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Bike sizing

NameTakenNameTaken Posts: 45
edited June 2016 in Road beginners
I think my bike is too big for me, so I've been doing some reading around bike sizing and fit and I wonder if I'm missing something.

I'm 6'3" and a bit and the bike is a 61cm Felt F95. I am approaching 50, 107kg, large build (I don't look fat even at that weight).
I've put a shorter stem on and moved the seat forwards but still feel that I'm stretching too far. To bring the handlebars back to a comfortable position I think even the shortest possible stem would be borderline.

I'm thinking about buying another frame and wondering about sizing. One size down would be a 58cm, but a couple of cm variation in the length of the bike is nothing and doesn't compensate for the shorter stem.

What do I need to be aware of - what are the issues with too small a frame?

Frame sizes for a given bike are typically 2 or 3 cm apart and I see people having long discussions about what size to get, but I'm struggling to see that the difference between one size and the next is that much of an issue. With the amount of adjustment on a bike, especially once you include stem swaps it looks as if the adjustment on an individual frame is way more than the difference between 2 or 3 frame sizes.

As I see it you have the three important points, crank, seat and handlebar.
The crank is the starting point and other than changing lengths of the arms that is fixed.
You can adjust the seat up and down by quite substantial amount, move it back and forward in a range of a couple of inches - the bike size doesn't seem have much impact on this.
The handlebars can be moved in a reasonable range by swapping the stem and varying spacers - I can see that the fork steerer length would be a limiting factor, but stem selection gives a massive variation in handlebar position.


  • kajjalkajjal Posts: 3,380
    The saddle position is to get your legs in the right position, as tempting as it is don't move it to adjust reach !

    Reach is adjusted by bars and stem sizing. A quick test is if you had the choice where on your existing bars do your hands naturally fall. If you lean forwards slightly you should be on the hoods and lean back upright a little you should be on the bar.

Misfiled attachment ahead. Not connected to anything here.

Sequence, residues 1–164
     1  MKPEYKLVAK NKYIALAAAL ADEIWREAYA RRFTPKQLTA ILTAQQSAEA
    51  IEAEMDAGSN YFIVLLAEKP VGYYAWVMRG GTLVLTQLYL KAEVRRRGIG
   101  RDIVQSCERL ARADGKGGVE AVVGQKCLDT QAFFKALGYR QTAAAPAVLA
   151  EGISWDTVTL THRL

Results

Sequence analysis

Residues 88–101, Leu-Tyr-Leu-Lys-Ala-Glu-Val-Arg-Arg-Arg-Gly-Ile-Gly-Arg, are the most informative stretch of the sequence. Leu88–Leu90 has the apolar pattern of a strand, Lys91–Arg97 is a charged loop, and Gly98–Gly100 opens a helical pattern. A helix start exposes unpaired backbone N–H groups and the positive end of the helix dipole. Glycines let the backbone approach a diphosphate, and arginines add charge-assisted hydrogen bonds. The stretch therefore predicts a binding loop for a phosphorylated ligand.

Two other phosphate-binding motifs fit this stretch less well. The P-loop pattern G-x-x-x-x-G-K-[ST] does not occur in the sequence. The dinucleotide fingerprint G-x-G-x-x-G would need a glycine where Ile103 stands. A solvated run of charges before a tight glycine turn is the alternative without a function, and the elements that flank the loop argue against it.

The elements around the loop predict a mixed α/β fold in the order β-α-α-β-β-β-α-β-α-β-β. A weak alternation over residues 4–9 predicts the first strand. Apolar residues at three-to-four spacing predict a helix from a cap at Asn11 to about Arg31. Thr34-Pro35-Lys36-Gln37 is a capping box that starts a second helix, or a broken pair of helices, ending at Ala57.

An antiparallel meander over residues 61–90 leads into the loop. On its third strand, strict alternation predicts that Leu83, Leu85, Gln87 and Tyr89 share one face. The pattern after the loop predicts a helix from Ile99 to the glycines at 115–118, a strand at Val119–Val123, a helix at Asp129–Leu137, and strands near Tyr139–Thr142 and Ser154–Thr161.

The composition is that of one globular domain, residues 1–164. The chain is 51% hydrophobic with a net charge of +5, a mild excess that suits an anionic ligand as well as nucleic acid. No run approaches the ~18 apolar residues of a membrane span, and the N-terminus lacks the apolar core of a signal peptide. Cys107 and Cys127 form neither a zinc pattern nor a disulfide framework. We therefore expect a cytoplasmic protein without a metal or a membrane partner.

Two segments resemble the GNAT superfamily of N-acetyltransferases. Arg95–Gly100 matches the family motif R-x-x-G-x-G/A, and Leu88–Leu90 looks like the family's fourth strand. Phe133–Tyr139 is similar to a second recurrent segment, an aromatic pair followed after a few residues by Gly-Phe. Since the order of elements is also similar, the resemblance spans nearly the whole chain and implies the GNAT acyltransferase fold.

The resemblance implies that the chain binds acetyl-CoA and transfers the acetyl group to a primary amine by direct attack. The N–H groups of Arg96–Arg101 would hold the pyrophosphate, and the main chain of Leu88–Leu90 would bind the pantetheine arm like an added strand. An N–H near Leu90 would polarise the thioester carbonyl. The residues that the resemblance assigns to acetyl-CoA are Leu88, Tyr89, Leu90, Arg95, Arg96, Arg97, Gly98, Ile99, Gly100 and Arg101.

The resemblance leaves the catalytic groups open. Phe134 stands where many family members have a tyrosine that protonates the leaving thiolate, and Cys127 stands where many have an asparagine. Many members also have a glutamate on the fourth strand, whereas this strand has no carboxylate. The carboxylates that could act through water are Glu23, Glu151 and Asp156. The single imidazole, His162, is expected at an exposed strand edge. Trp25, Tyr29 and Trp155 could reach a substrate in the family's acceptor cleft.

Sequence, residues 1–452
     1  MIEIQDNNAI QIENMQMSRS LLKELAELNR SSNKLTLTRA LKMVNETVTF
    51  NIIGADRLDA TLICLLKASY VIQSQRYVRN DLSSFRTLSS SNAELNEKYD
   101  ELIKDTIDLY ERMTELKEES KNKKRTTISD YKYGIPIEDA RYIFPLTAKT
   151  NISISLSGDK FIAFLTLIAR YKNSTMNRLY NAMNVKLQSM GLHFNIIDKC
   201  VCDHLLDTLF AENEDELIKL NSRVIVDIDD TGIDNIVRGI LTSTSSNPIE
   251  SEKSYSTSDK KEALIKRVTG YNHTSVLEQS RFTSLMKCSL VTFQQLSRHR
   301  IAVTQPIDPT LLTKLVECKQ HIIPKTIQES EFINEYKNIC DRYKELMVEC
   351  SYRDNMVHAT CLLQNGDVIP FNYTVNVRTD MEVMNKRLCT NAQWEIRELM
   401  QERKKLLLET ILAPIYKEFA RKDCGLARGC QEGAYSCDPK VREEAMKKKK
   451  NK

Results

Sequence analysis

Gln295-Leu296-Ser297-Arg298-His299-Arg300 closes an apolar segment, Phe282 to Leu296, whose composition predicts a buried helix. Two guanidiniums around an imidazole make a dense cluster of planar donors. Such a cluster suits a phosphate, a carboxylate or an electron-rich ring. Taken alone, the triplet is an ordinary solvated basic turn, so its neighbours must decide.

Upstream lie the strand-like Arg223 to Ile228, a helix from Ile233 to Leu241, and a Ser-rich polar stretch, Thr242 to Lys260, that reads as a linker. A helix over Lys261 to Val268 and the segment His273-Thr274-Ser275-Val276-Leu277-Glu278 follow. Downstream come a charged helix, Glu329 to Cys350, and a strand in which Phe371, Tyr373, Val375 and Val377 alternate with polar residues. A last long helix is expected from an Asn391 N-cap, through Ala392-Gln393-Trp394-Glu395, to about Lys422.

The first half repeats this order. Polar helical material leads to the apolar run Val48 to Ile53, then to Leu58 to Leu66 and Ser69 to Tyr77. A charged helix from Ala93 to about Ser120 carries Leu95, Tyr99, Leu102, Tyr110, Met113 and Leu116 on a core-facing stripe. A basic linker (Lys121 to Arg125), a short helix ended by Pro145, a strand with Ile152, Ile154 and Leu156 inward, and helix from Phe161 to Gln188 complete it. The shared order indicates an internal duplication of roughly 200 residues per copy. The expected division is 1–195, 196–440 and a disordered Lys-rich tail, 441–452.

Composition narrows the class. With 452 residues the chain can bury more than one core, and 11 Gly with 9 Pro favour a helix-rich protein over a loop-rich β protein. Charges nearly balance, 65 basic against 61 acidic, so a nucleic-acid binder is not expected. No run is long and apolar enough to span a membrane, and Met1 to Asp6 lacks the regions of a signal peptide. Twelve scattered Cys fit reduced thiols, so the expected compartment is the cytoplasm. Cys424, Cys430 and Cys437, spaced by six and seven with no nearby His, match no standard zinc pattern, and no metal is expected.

My old bikes bars had a long reach and long drop to the drops. My new bike has bars that are shallow drop and over an inch less reach. Apart from that the bikes are very similar. I am now much more comfortable and can ride in the drops for long periods which never happened before.

    If you have a long drop from the saddle to the bars flipping the stem into the upright position raises the bars and also reduces reach.
  • NameTakenNameTaken Posts: 45
    Yep, take that all on board, thanks.

    I suppose my point is that it seems to me that bike sizing for recommended heights is a load of bollocks :)
    Probably some of that is down to the frame shapes of modern bikes and the lengths of seatpost meaning that the traditional sizing mechanism of crank to top of seattube is an irrelevant measure. I think that the most important measurement is the effective top tube length.

    I suppose this is old news to people on here but as a noob it is a revelation.

    At 6'3" I'm more comfortable on my teenage daughters bike (a size small planetX rt-58) than I am on one that is supposed to fit my height(albeit with the seat at its maximum height) and the factor that influences the comfort is the reach.

    I need to go frame shopping.
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